‘By introducing lights and noisy machinery, by creating dust clouds and by ripping up special seabed habitats that have taken millennia to form, it will disrupt everything, with knock-on effects for the rest of the ocean.’

As well as the likely loss of deep-sea biodiversity, including species yet to be discovered, the report highlights probable impacts on ‘the functions and services deep-sea environments provide for humanity’, contributing to the climate crisis by disturbing marine sediment carbon stores and disrupting carbon cycling and storage processes.

‘There would likely be serious changes for humanity as we disrupt the role the ocean plays in our weather patterns and mitigating global heating,’ says Weller. ‘Overfishing, ocean pollution, and rising temperatures are already affecting things like fish populations. There are also concerns that heavy metals in the sediment disturbed by DSM could work their way up the food chain, with impacts on human health.’

Greenwash

Despite widespread opposition, mining companies are pushing to move forward. Alongside vast profits, mining companies have argued deep-sea minerals, such as copper, cobalt, nickel and manganese, used from car batteries to wind turbines, are necessary for a greener future.

‘Deep-seabed mining is a false solution to the climate crisis,’ Weller argues. ‘You also need to think about the climate change impacts of DSM – for example, disturbing carbon and methane sinks of global importance. Yes, it’s urgent that we decarbonize, but a circular economy could be a better way forward.’

Most of the exploration contracts supplied so far by the ISA have focused on the Clarion Clipperton Fracture Zone (CCZ), an area 4,000-6,000 metres below the surface of the Pacific Ocean, between Mexico and Hawaii. The ISA has also issued contracts for the central Indian Ocean and the north-west Pacific.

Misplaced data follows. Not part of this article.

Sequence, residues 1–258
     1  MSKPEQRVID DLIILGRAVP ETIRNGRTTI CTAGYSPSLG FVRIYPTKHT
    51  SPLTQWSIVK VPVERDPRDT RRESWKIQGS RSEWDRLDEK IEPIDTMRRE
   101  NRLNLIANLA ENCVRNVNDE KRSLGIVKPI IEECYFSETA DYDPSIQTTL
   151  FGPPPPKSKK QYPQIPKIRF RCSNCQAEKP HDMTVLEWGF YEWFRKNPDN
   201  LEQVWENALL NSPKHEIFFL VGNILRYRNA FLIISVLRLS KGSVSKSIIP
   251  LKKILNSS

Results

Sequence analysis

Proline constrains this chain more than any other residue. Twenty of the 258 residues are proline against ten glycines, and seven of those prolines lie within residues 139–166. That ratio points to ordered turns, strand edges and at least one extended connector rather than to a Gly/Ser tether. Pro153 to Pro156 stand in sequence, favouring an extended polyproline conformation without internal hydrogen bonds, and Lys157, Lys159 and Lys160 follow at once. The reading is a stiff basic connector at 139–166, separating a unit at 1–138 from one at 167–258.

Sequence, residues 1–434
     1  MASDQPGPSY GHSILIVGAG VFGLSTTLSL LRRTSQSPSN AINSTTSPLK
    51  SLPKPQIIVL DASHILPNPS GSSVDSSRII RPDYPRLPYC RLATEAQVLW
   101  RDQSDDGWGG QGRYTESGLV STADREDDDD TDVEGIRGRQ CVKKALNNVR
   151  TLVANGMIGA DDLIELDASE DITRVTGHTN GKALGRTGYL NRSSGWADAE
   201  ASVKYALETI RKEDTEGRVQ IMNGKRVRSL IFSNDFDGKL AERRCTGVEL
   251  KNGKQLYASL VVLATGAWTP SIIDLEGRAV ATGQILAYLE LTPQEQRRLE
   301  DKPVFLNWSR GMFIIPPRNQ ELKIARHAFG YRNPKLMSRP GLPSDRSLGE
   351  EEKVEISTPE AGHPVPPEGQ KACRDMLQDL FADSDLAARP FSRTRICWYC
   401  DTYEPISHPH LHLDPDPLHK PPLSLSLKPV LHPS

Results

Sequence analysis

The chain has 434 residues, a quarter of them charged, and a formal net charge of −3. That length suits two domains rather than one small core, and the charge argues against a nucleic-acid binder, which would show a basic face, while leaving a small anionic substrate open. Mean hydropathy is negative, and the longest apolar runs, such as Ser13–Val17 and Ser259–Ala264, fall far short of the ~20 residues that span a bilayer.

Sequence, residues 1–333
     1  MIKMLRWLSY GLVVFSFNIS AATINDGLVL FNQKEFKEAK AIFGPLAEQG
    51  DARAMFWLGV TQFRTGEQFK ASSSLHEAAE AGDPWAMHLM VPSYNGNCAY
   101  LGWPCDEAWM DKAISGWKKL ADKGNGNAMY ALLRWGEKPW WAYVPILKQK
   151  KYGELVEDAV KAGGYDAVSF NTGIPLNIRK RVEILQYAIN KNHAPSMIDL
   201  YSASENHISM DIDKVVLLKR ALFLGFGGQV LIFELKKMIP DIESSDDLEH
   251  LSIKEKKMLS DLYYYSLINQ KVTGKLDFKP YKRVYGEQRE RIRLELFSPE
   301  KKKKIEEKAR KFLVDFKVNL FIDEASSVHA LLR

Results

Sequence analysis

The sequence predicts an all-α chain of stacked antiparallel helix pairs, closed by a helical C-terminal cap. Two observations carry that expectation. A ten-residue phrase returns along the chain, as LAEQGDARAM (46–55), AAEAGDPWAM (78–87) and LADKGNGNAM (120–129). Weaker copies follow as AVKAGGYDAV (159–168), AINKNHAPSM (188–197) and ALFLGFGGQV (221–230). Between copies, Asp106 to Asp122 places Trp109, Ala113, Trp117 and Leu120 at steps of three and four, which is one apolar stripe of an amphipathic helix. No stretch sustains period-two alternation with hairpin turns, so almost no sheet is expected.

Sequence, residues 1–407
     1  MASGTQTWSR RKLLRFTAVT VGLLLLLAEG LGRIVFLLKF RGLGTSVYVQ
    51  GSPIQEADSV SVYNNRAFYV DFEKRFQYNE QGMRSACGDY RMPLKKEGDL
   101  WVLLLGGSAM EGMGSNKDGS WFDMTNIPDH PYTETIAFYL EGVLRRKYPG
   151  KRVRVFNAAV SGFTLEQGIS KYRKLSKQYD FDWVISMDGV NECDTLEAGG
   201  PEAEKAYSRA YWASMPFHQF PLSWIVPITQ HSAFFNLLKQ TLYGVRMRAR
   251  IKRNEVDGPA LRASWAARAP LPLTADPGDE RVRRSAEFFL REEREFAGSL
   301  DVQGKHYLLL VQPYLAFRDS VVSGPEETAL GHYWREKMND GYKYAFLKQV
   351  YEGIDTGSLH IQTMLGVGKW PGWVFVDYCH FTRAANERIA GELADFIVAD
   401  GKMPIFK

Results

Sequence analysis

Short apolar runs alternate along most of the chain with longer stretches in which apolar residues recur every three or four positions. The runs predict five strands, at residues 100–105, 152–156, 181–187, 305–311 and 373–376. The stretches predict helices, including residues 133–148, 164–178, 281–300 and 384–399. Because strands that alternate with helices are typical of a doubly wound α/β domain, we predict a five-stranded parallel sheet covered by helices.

We are concerned about the loss of biodiversity when DSM starts and destroys the habitats and ecosystem, and the loss of livelihoods and food security for coastal communities. It’s an ecocide

Over the course of a 30-year mining licence, each operation could involve strip-mining around 10,000-12,000 square kilometres of seabed, causing massive sediment plumes and pollution, as well as noise and motion disruption, all of which could kill or disturb marine species for hundreds of kilometres.

At the UN Ocean Conference in Portugal in June 2022, Palau, Fiji and Samoa formally called for a global alliance to back a DSM moratorium, joined by the Federated States of Micronesia in July. France, Vanuatu, Chile, Costa Rica, and Ecuador have also raised objections to DSM until more information is known.

The ISA is obligated to act for the benefit of humankind. But questions have been raised over the organization’s transparency, accountability and inclusivity, including a lack of adequate consultation with communities whose lives will be affected.

A recent research paper, published in the journal Nature, stated that DSM lacks social legitimacy, as the decision-making process has neither included a broad range of stakeholders, nor been ‘fair, inclusive, and transparent’.

Looming threat

In 2022, the Cook Islands started a five-year exploration phase within national waters, with three mining companies granted exploration licences in their Exclusive Economic Zone (EEZ). ‘There are reasons to be concerned about potential risks, including to fish stocks,’ says Alanna Matamaru Smith. ‘Even though no mining is allowed within 50 nautical miles, drifting sediment plumes could impact the islands.’